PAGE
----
I have two other issues to raise. I think that there should be an amendment extending the change to baronets, although I take the point made by my noble friend Lord Trefgarne about that being outside the Title of the Bill. I am not sure either about the principle in the Bill of excluding a very close relative such as a brother from inheriting a peerage. Ruling out cousins and distant relatives is fair enough as their expectations are never high, but a very close relation may be a step too far. As the noble Lord, Lord Fellowes, stated, family financial arrangements could be seriously disrupted. There could be an argument for an amendment extending the peerage succession to brothers—a modification of the semi-Salic system, although it has to be said that an heir presumptive has never had the security of an heir apparent.

But overall I welcome this Bill wholeheartedly. It would merely put peerage succession on to the same basis as the Crown used to be. I wish it a safe passage through the House.

I thank the noble Lord, Lord Trefgarne, for bringing this issue to the House, if only to tease out the Government’s and, indeed, the Opposition’s, view on the issue.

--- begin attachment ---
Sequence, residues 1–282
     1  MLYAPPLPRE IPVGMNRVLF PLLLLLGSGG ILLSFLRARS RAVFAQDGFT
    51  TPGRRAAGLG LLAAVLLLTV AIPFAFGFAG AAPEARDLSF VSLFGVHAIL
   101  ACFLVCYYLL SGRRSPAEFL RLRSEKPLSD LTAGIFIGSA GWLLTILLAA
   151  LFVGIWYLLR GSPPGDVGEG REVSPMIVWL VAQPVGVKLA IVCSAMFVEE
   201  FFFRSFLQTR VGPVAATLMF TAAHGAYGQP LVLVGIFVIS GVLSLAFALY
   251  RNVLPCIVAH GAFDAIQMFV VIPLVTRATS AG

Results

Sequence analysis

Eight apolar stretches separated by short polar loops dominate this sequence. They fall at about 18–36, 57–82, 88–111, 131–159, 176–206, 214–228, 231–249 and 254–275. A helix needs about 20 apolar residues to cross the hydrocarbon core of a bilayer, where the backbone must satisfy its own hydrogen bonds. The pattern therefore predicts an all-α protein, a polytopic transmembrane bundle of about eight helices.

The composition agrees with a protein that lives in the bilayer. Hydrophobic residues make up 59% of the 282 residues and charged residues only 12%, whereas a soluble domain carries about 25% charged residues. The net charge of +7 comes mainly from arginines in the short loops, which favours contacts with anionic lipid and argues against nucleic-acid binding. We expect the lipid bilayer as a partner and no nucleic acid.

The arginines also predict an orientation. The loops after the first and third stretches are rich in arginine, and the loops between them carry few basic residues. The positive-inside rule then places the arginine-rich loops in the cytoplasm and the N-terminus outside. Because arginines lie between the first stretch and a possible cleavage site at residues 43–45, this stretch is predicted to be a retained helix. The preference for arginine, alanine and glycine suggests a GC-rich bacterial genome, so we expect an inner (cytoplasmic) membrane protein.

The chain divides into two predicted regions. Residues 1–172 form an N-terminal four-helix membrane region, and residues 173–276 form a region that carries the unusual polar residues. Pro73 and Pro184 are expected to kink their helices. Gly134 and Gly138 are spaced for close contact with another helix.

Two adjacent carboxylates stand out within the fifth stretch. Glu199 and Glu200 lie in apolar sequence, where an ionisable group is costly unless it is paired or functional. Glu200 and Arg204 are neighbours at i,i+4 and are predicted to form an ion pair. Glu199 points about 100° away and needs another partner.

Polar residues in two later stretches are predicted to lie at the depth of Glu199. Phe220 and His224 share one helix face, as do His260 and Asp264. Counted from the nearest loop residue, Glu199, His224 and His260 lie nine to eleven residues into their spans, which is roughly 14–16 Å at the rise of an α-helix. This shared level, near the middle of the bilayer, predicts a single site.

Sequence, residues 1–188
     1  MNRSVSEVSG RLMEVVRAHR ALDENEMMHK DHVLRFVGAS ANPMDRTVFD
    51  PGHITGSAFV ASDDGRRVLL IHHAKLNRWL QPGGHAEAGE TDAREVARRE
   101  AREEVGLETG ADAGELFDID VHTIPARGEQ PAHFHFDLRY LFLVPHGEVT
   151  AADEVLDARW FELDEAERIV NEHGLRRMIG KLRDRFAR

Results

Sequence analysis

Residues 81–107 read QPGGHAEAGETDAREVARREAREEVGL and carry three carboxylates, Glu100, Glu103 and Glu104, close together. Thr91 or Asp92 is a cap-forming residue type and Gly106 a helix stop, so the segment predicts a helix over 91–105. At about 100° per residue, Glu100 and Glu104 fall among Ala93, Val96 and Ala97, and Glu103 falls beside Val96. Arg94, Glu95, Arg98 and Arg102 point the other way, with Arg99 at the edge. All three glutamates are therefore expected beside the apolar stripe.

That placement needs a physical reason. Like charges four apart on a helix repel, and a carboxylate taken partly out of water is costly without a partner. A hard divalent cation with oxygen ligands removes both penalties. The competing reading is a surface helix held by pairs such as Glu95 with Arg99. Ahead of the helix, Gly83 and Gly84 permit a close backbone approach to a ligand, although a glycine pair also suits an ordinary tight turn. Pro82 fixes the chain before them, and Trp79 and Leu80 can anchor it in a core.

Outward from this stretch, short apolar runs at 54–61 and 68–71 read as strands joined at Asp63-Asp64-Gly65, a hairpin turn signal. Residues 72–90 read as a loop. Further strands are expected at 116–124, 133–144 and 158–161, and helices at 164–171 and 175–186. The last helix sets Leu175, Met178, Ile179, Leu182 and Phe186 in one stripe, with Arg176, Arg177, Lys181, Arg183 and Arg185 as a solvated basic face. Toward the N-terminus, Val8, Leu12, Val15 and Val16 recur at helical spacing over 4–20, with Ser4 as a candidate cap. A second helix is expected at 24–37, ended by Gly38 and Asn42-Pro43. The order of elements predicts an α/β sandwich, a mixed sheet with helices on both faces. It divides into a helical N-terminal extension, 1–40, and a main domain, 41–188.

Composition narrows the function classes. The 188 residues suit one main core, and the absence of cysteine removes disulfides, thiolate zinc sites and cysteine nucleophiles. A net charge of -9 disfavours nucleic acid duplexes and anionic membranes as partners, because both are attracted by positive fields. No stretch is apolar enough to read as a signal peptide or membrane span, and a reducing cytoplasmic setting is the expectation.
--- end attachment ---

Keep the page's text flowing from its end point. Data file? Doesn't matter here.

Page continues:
It is obvious that the Bill will not affect the size of the House one way or the other, yet, of course, that is the big issue that concerns probably all noble Lords, as evidenced by the debate that will take place here on Tuesday. The increase in the size of your Lordships’ House to 826 gives great urgency to reducing the number of Members rather than suggesting ways of bringing in a new category of Peer. Indeed, as we know, the Prime Minister has already appointed in five years more than double the number of Peers that Labour did in 11 years, creating new Peers at a faster rate than any other Prime Minister since life peerages began. Therefore, it seems to me that the priority for the House is to look at size rather than this issue. That is partly for the sake of this House and how it works but also, I have to say, because of the anachronism of appointing Peers here not by virtue of their own experience and attributes but those of their fathers, grandfathers or even great-uncles. Therefore, ending the hereditary by-elections as any of the 92 places fall vacant should surely be a better way forward. The calls I have heard today for maintaining the status of titled families are ones I did not believe I would hear in the 21st century. But more than that, as has been said, the flaw of the Bill is that it stands feminism on its head. For the very pragmatic reasons that the noble Lord, Lord Trefgarne, gave, it does not get rid of primogeniture for hereditary titles but says only that, where there is no man, a woman will do.